Tonight, I was tired. And frustrated. And overwhelmed. And a little pissed. The minute I got home from work, husband went (escaped) outside to mow the lawn, and I sat like a pathetic, sad lump with two children wanting my attention, wanting a lively response, and using more and more extreme ways to get it. I needed something interactive for them to do that would also get me engaged (even though I wanted desperately to lie down on the floor and stare at the ceiling)...and not a flashy screen, touch screen cop-out.
The house was an intimidating mess. Clothes and toys and toy related debris. Everyfuckingwhere.
Target: locked on.
I tried several attempts (polite requests degenerating into threats) to get my son to help me clean up. No dice. (When will I learn?) And I could feel myself getting really pissed and Son could feel his manic success in getting a response.
Finally, I just started plowing all the shit, everywhere into one ginormous pile in the middle of the floor. Everything that had been pushed to the perimeter and the corners and under and on top of furniture. Then, after that satisfying exertion, I sat on a chair and calmly told Son that we had a pretty big mess here. We wouldn't be able to do anything fun together until we cleaned it up. Maybe he could think of some ideas of how we could work together to get it all put away. What could he tackle first? Say, stuffed animals? And what should I tackle first? Blankets and pillows?
Next the big things with wheels.
Then the things that go in the play kitchen.
Then action figures (he stood them all up along the bay window).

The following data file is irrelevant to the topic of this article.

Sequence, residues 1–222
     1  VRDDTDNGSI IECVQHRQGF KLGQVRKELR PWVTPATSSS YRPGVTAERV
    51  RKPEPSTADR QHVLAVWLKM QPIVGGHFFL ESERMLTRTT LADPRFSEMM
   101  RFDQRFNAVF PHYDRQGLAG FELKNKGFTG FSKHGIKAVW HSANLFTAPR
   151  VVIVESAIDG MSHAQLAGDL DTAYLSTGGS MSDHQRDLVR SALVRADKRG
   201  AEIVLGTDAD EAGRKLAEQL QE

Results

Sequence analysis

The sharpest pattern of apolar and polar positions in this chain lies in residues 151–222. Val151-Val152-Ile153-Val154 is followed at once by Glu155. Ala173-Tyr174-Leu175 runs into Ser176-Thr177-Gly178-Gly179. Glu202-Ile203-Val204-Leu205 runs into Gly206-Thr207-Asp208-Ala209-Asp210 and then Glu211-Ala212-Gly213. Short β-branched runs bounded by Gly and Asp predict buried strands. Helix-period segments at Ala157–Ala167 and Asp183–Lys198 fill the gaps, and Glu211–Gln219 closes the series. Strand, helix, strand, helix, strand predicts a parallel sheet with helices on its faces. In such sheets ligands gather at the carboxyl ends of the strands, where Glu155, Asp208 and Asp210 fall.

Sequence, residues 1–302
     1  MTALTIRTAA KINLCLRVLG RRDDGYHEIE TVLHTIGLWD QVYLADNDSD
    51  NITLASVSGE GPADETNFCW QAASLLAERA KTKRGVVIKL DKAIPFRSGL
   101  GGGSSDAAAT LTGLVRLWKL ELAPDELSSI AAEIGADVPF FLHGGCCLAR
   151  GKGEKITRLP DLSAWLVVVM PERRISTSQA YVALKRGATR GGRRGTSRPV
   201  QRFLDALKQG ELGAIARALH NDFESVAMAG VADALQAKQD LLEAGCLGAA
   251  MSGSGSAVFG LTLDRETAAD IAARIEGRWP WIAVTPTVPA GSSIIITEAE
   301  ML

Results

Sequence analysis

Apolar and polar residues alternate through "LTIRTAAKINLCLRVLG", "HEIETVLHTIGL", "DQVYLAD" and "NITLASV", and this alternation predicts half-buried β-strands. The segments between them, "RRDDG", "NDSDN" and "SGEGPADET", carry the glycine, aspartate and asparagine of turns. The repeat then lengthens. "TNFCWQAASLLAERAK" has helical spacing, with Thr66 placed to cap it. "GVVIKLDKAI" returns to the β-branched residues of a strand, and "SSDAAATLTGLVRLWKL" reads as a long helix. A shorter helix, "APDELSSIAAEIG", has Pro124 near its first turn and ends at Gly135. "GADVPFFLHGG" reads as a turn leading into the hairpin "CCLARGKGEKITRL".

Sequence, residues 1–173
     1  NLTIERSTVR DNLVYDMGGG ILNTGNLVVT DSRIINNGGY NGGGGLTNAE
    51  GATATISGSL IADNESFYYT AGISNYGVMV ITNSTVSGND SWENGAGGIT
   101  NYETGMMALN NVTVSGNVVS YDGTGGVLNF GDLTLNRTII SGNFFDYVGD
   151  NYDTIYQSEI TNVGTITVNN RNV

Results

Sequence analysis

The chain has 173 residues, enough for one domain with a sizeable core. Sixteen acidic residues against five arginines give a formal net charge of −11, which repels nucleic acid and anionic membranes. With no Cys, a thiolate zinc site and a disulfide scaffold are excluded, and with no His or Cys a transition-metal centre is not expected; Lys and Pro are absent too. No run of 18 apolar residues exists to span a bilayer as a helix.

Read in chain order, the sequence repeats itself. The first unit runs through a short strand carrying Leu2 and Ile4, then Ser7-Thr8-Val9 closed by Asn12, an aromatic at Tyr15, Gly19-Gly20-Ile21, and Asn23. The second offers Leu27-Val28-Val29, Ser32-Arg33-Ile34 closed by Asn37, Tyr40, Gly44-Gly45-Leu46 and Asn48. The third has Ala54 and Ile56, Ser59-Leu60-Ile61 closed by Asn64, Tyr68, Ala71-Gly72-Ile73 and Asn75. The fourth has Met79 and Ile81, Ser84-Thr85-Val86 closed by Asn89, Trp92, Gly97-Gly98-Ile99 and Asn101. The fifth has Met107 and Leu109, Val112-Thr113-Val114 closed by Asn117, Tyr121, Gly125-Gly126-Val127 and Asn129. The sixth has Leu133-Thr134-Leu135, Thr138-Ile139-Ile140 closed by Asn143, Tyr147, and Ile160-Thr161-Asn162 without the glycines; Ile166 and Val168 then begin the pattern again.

Then cars (lined up along the ledge).
The final challenge was the contest: who could put the remaining miscellany into the toy tub the fastest. Of course, he won.
The other approach I've witnessed too many times to mention is to demand that Son pick it up by himself, yell and punish and get increasingly loud loud loud and angry, and get Son increasingly angry/sad/frantic until everything falls to shit and everyone feels wretched.
But this, among other things, completely misses the fact that it wasn't just my Son's mess. It was our mess. I played a role in it getting to where it was. I let night after night go by without setting limits or working with him to make choices and take responsibility and clean up. It became this daunting, scattered thing that no one could get a handle on and no one wanted to touch. So I piled it up. Got it all into view. And it became something that could be sorted and dismantled.
Tomorrow, I'll tackle the kitchen in a similar, though more glassware friendly fashion.
Maybe next, one of the other several overwhelming clusterfucks that I've assisted in creating.
And boom! There you have it: a metaphor for life.